President Yar’Adua at age 58 died after an ongoing struggle with an acute heart condition. A state funeral will be held in his native Katsina, followed by seven days of national morning.
Goodluck Jonathan took the oath office on Thursday morning. He will serve as Nigeria’s president until the next election; it is expected to be held next year. In November President Yar’ Adua went to Saudi Arabia for care. He was treated for inflammation of tissue around his heart. He returned to Nigeria in February but remained out of public view. Jonathan has been serving as the acting president since President Yar’ Adua’s return. Yar’Adua was elected in 2007 in an election mired in controversy and accusations of vote-rigging. “There was ballot snatching, voters were molested, voters were beaten and also payment inducement to vote for certain candidates,” said Eneruvie Enakoko of the Civil Liberties Organization, a human rights group in Lagos.
Despite the alleged incidences, President Yar’ Adua will be remembered as a peacemaker who fought to improve the lives of 150 million people. “Our collective goal is to deliver for our children a Nigeria better, stronger, more peaceful, more secure and more prosperous than we met it.” Yar’Adua said. United States President Barrack Obama and the United Nations Chief Ban Ki-moon conveyed their condolences. U.N. Chief, Ban Ki-moon said, “He will be remembered, among other things his efforts to bring peace and stability to the Niger Delta region and for his commitment to democratic governance and electoral reforms,” Ban said in a statement.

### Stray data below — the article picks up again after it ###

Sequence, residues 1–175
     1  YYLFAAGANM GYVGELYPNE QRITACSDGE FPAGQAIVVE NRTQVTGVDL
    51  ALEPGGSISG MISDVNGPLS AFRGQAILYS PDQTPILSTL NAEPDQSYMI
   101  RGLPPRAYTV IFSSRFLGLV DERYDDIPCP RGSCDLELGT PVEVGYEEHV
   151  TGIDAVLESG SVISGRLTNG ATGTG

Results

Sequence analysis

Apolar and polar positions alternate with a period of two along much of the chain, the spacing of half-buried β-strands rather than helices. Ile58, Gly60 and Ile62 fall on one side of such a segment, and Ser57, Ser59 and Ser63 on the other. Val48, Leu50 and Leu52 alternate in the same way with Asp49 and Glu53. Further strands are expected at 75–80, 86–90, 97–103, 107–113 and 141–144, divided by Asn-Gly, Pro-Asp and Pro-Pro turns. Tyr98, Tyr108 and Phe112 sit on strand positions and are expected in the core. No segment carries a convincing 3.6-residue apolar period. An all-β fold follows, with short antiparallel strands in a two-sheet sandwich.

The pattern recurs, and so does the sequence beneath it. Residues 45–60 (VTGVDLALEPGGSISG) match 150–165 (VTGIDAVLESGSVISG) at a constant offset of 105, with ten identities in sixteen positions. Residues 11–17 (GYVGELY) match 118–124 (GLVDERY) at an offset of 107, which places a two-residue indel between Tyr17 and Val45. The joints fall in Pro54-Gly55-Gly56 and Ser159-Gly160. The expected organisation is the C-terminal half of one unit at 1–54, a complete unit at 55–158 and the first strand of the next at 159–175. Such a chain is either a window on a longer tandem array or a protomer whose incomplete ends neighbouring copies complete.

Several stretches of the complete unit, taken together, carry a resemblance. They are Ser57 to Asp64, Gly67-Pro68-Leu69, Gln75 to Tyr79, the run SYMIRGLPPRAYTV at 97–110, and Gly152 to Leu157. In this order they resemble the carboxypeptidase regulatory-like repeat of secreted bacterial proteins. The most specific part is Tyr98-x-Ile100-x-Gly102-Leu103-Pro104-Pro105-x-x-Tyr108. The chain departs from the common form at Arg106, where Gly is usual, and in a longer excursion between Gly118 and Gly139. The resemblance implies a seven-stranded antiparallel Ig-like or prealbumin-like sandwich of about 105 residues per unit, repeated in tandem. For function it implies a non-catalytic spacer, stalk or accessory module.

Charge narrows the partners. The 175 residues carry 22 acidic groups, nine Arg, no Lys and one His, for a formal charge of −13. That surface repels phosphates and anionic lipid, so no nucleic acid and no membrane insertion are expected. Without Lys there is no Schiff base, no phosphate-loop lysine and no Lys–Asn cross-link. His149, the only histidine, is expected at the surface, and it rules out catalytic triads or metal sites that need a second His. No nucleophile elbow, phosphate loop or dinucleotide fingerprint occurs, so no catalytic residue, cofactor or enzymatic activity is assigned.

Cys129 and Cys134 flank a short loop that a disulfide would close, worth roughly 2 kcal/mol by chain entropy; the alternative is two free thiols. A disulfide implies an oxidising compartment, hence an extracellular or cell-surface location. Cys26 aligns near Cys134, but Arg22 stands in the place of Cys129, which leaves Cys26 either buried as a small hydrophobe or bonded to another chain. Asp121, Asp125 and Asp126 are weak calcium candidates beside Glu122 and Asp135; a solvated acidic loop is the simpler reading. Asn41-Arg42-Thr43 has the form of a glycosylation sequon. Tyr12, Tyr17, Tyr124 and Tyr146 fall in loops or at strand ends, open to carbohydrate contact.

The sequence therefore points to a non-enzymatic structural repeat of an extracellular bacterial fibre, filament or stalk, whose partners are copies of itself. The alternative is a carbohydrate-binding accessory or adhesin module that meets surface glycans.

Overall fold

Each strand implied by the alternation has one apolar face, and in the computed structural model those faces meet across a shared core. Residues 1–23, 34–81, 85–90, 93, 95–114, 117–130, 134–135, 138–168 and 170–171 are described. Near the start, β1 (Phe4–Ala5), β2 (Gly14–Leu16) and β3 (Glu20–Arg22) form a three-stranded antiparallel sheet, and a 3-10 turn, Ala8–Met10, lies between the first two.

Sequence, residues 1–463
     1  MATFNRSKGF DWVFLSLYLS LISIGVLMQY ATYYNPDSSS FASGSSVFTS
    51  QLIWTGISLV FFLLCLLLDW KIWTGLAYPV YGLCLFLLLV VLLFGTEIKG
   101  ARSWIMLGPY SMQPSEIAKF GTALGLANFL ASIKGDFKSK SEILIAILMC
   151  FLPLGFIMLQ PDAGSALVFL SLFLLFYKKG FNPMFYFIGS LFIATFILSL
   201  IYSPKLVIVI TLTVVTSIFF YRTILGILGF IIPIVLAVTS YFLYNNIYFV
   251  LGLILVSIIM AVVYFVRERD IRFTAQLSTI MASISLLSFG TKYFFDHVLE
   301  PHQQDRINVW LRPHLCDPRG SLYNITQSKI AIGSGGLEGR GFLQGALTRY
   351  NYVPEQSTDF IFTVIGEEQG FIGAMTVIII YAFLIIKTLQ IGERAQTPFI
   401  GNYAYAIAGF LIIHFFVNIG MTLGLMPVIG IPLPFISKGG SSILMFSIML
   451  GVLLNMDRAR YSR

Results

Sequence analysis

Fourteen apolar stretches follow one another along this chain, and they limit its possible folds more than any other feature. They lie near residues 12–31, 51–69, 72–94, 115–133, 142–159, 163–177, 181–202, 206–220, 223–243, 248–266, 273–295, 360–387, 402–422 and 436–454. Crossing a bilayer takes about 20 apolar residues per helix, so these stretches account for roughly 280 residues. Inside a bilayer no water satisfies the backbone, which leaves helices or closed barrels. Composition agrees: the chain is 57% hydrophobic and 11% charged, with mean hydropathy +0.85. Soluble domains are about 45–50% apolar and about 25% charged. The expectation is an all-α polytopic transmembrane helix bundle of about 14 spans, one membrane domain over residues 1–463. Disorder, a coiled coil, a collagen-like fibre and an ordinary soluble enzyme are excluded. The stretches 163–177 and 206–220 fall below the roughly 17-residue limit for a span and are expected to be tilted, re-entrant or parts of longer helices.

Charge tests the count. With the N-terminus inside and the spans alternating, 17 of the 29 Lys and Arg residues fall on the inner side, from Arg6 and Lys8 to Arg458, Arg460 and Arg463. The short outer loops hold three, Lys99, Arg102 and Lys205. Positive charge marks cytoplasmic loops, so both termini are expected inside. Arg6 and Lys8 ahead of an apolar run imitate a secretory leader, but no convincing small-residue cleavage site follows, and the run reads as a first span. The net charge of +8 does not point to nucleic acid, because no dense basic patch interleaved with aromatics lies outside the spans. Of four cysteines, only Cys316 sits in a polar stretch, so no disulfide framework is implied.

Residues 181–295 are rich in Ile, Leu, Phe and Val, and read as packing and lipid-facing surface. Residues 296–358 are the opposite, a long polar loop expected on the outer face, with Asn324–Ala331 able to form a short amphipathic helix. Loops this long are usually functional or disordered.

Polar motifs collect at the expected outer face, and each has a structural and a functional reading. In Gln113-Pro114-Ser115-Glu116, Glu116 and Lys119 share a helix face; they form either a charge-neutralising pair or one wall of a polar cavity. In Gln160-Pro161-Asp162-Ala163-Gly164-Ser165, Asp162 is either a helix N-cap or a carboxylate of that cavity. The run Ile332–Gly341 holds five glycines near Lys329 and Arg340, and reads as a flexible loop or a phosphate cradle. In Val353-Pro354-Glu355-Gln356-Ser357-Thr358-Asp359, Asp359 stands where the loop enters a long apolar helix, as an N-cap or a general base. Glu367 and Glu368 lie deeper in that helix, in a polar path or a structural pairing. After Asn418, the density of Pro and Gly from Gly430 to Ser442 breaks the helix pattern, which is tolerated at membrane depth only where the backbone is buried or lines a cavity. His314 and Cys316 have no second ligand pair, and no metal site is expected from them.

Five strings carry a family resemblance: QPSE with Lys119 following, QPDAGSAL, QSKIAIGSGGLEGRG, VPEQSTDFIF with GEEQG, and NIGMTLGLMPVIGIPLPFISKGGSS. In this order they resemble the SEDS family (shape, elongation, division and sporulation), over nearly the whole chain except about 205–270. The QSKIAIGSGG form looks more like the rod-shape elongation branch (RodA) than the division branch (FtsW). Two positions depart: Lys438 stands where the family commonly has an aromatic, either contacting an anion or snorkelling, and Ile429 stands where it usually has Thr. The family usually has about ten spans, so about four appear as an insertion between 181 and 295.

President Obama praised his efforts, “to promote peace and stability in Africa through his support of Nigerian peacekeeping efforts as well as his strong criticism of undemocratic actions in the region.” Many will remember President Yar’ Adua’s decision to offer amnesty to militants in the trouble oil-rich Niger Delta, an action that lead to fragile peace in area that was affected by years of conflict.